Representatives of the outgoing governmnt claim that this military strategy produced results; then-Defense Minister Jaime Thorne said recently that in Garcia’s five years in office, the army had managed to reduce the rebels’ “area of influence” from 34,000 to 5,000 square kilometers. However, the minister did not give details of where exactly these zones where located, or how they were calculated.
News from the VRAE would suggest, in fact, the government has made little measurable progress in driving back the rebels; in 2005, the year before Garcia came to power, there were 15,000 hectares of coca crops in the VRAE; now there are 19,700. Recent growth in coca cultivation has been mostly driven by the region. According to the United Nations (UN), the area under coca cultivation in the VRAE increased 13 percent between 2009 and 2010, even as it dropped in the country’s other biggest producing zone and rebel base, Huallaga. Peru is on its way to becoming the world’s biggest coca producer, according to disputed UN figures.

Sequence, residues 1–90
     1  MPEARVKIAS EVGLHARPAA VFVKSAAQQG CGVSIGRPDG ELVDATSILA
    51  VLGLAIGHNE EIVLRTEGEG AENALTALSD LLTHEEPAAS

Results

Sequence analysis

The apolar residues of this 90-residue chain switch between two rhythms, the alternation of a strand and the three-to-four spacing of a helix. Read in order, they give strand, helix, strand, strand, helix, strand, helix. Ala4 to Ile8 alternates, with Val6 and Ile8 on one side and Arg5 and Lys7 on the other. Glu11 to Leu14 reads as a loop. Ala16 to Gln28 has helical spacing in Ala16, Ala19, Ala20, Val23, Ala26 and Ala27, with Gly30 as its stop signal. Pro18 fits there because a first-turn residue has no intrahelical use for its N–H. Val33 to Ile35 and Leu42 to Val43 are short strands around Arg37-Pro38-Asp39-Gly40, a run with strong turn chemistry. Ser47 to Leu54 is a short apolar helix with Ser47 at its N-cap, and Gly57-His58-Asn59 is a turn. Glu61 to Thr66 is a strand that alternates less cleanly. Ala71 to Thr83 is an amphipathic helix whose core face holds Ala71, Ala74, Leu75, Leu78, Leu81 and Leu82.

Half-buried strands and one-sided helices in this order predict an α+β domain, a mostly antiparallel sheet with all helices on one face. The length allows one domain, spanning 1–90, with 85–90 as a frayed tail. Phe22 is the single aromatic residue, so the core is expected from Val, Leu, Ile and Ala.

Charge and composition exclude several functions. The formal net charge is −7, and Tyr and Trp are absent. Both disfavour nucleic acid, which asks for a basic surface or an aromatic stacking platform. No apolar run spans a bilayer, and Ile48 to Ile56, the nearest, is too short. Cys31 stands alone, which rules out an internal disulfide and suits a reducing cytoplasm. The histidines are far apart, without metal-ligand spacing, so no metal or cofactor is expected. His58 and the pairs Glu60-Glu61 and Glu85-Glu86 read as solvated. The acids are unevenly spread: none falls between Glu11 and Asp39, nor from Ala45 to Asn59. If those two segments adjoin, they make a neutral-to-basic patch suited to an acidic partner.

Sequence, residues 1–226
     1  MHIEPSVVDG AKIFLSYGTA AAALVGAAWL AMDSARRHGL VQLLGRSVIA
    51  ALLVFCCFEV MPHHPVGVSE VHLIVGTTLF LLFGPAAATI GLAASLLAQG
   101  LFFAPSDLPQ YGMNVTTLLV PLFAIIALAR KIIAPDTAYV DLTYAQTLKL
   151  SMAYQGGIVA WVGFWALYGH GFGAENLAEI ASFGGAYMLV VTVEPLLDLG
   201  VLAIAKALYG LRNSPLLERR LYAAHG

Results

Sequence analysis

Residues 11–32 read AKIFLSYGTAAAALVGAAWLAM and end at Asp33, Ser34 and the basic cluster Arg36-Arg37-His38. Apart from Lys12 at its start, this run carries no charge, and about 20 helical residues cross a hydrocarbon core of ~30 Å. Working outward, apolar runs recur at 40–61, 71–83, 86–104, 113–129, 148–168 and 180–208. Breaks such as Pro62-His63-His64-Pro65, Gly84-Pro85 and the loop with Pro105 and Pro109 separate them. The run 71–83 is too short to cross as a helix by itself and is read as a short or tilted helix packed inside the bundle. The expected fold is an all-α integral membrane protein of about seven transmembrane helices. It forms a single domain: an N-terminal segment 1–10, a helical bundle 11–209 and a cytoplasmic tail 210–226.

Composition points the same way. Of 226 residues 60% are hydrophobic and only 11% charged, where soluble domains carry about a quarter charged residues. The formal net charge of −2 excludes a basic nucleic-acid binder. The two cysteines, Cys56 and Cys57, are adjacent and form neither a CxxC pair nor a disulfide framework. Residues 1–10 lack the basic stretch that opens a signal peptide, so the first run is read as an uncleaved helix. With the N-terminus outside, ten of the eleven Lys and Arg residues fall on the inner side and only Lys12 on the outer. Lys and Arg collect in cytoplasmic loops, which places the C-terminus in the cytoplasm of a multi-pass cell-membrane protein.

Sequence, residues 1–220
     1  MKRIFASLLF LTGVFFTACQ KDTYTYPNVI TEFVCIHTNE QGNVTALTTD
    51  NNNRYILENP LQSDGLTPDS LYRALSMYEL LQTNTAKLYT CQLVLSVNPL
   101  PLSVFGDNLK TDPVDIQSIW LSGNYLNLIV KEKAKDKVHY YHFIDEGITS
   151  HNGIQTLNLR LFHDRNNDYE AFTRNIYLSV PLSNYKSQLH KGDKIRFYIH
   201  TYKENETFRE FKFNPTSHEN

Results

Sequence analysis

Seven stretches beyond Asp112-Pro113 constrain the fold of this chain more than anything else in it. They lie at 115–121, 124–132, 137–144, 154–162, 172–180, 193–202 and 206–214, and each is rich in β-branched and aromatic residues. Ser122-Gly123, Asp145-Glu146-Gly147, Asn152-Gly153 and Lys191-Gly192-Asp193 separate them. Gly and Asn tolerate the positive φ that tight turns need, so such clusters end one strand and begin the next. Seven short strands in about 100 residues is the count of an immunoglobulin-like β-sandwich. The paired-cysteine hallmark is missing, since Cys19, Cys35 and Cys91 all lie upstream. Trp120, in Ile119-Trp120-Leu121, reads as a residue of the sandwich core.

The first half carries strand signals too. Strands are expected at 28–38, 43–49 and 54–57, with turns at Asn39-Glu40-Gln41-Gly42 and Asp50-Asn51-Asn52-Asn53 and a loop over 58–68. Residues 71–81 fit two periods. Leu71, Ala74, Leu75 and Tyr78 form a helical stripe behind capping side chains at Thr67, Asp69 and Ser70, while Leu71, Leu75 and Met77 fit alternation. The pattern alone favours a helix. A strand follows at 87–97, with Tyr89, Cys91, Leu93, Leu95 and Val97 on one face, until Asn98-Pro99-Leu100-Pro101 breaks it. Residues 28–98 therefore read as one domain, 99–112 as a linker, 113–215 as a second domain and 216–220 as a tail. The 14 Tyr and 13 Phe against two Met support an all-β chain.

Meanwhile the Shining Path have continued to make their presence felt, ambushing and killing five soldiers in the VRAE on the eve of the presidential elections in June.
Even the Garcia administration’s listing of its achievements in the zone seemed to be made from a defensive stance, in response to criticism of their failure to pacify the VRAE. Minister Thorne insisted that representatives of the U.S. and Israeli militaries had assured him that the VRAE was a very difficult zone to fight in, and that the only other regions with such tricky terrain were in “places like Afghanistan and Vietnam.” Even if, as Thorne claims, the rebels have been driven back by the new army command bases, its not clear how permanent this is. As a guerrilla group with several decades experience, the Shining Path knows how to fall back in the face of military presence and return when they are gone.